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Press Release

Release Date: June 21, 2022
by Chickasaw Nation Media Relations Office

Chickasaw artist taking next steps to refine talent

ARDMORE, Okla. — Award-winning Chickasaw artist Chance Brown is busy.

In addition to accepting art commissions, painting murals and adding new works to his portfolio for art markets — including the upcoming Artesian Art Festival — Brown is embarking on a life-altering path.

Recently accepted to graduate school at the University of Texas at San Antonio (UTSA), Brown is preparing for a move, teaching an occasional art class in his hometown and working with fellow Chickasaw artists to create collaborative art.

He is energized by preparing to participate in the June 25 Artesian Arts Festival in Sulphur. He looks forward to reconnecting with old acquaintances and making new connections.

The ninth-annual festival returns to in-person this year after a two year virtual offering due to the recent pandemic.

“What’s great about an in-person festival is that spontaneity,” he said. “You kind of know what to expect, but you are going to make other connections. You might make a commission from someone that you were not expecting. It’s the element of surprise. That’s exciting.”

His appearance at the Chickasaw Nation art festival is one of the last items on his “to-do” list before heading south to begin graduate school and fulfill a long-term goal.

Intrigued and dazzled by artwork at a young age, Brown was mentored and encouraged to pursue a formal education in art by his Dickson High School art teacher, Leanne West.

“I feel like art has always had a place in my heart, and has always been in my mind, even from an early age,” Brown said in a 2020 interview.

Fresh from earning a degree in fine art from East Central University in 2013, he went to work full time harboring a goal of completing a master’s degree “someday.”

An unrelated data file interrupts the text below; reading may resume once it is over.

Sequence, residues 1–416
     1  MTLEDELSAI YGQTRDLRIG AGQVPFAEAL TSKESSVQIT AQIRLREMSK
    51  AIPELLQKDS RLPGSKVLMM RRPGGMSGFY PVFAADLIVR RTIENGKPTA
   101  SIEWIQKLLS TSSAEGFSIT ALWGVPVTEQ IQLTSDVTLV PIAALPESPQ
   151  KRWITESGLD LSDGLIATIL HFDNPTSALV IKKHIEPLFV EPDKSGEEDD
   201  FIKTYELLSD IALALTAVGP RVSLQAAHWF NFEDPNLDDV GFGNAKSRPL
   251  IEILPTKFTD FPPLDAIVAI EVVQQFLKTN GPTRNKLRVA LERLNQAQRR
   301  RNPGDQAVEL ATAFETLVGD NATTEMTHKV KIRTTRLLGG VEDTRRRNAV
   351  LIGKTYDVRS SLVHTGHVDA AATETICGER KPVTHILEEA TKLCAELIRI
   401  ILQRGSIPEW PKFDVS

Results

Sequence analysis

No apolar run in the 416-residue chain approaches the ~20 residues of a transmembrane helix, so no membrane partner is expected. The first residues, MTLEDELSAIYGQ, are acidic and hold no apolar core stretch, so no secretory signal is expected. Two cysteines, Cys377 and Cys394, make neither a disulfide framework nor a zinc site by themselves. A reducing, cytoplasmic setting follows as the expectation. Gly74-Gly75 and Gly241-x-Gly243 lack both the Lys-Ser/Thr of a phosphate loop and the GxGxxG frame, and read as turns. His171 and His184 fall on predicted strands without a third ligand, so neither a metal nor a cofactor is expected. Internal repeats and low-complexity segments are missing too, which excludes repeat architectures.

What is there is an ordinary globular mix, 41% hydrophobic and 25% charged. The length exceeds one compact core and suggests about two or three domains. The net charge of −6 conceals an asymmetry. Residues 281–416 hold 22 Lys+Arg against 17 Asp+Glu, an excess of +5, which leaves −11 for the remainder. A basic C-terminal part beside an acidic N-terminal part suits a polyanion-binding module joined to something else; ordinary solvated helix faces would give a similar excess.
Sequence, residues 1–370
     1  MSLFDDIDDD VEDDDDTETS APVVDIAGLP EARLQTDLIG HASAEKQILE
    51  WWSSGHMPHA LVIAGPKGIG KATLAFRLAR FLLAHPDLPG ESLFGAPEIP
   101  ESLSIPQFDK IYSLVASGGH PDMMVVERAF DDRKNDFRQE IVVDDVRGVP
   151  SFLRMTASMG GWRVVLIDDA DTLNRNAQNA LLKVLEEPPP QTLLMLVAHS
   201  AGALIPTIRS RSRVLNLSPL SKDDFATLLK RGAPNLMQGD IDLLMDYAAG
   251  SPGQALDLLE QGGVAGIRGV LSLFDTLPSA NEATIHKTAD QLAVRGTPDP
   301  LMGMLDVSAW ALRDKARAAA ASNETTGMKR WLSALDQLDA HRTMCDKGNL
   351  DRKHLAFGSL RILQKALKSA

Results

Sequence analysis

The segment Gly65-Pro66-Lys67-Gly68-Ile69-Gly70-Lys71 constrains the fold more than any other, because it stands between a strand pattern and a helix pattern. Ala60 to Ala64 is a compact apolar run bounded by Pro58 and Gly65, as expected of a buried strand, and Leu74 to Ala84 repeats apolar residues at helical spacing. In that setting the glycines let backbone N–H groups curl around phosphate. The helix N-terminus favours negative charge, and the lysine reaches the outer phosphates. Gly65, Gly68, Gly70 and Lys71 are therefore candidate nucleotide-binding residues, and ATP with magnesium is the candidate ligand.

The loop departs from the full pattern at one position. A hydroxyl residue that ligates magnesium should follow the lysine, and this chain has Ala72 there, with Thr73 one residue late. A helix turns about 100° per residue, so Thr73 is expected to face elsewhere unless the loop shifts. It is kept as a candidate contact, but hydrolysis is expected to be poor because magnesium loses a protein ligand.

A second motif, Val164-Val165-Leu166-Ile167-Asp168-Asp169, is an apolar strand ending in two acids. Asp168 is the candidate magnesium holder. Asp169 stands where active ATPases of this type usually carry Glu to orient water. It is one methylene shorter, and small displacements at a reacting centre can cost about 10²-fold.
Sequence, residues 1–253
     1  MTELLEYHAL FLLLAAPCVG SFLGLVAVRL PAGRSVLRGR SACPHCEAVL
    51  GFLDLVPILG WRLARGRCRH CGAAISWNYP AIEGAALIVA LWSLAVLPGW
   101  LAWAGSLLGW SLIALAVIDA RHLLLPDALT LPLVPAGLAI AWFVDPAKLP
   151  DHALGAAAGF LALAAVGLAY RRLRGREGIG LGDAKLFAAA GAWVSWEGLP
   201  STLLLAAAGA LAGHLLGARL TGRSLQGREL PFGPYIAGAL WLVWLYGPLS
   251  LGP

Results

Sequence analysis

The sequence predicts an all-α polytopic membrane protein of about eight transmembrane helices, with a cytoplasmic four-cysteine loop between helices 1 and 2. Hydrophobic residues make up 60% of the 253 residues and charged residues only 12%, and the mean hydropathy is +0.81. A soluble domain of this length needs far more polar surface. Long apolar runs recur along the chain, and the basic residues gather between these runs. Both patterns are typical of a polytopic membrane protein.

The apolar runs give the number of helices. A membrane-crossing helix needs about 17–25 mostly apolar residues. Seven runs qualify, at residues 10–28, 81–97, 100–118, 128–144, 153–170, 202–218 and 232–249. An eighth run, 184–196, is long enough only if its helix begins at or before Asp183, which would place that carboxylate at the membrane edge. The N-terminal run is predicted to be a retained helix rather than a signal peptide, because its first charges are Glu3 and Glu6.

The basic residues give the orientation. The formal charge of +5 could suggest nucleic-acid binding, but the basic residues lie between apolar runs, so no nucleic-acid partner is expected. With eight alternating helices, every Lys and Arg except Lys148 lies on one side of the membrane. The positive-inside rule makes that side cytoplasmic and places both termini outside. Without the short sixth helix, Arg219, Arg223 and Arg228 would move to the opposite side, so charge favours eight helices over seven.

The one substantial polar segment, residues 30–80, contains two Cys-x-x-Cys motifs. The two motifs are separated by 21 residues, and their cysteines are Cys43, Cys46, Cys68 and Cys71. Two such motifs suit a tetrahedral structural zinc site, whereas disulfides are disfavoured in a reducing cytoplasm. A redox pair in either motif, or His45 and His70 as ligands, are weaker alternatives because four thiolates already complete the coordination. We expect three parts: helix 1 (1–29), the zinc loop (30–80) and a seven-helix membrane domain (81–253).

During the pandemic, he resolved to seize the day and began applying to graduate programs.

“I had always talked about attending grad school and I realized I either needed to quit talking about it or be about it.”

While attending the three-year program at UTSA, Brown plans to expand his plein air painting in the expansive Texas landscape. He also looks forward to connecting with new artists and art communities.

But his Chickasaw ties remain steadfast and always influence all aspects of his art, he said.

“Despite not growing up in a traditional Chickasaw household, I am highly invested in our people,” Brown said.

Having the opportunity to work in a culture-centric position with the Chickasaw Nation for many years, Brown developed a large network of fellow Chickasaw artists with whom he stays in touch and sometimes consults.

“Working so closely with the Chickasaw people as a Chickasaw person for so many years really reinforced that sense of community,” he said. “If I have a question about using some sort of image in a piece, I have a network of people to ask.

“I try to utilize the imagery in a respectful way and be thoughtful about it. I feel the Chickasaw connection is reflected in my work, in a sense that I need to reclaim that part of me.”

Brown’s piece “Greenwood, Archer & Pine” was the People’s Choice Award winner at the 2021 Southeastern Art Show and Market (SEASAM).

The piece commemorates the 100th anniversary of the 1921 Tulsa Race Massacre. Smiling members of the GAP (Greenwood, Archer & Pine) band, named to pay homage to their neighborhood, are prominently featured in the foreground. Historic buildings and fiery oil derrick are featured in the artwork’s background.

Brown interwove layers of personal and cultural images into the vibrant painting. Traditional Muskogean wind pattern motifs are featured across the bottom of “Greenwood, Archer & Pine,” which serve as a narrative of the artist’s First American heritage.

“Being Chickasaw is innately a mainstay in who I am,” he said.

Brown’s versatile portfolio also includes landscapes, as well as thought-provoking abstract works which incorporate cultural symbols and juxtaposed subjects.

“I like to play around with concepts, and if it’s weird, that’s all right. There is room for weirdness in the art world,” he said.

Brown’s work can be viewed at the Artesian Arts Festival June 25 or on his Facebook page, Chance Browns Artwork.

About Artesian Arts Festival

Hosted by the Chickasaw Nation, the Artesian Arts Festival is a celebration of all art expressions.

The one-day event features diverse art media created by elite First American artists, showcased at the Artesian Plaza, 1001 W. First St., in downtown Sulphur, Oklahoma.

Open to the public at no cost, the Artesian Arts Festival welcomed more than 11,000 visitors in 2019, the most recent in-person festival. The Artesian Online Art Market was launched in 2020 and 2021 and will also be available this year.

For more information, visit ArtesianArtsFestival.com or call (580) 272-5525.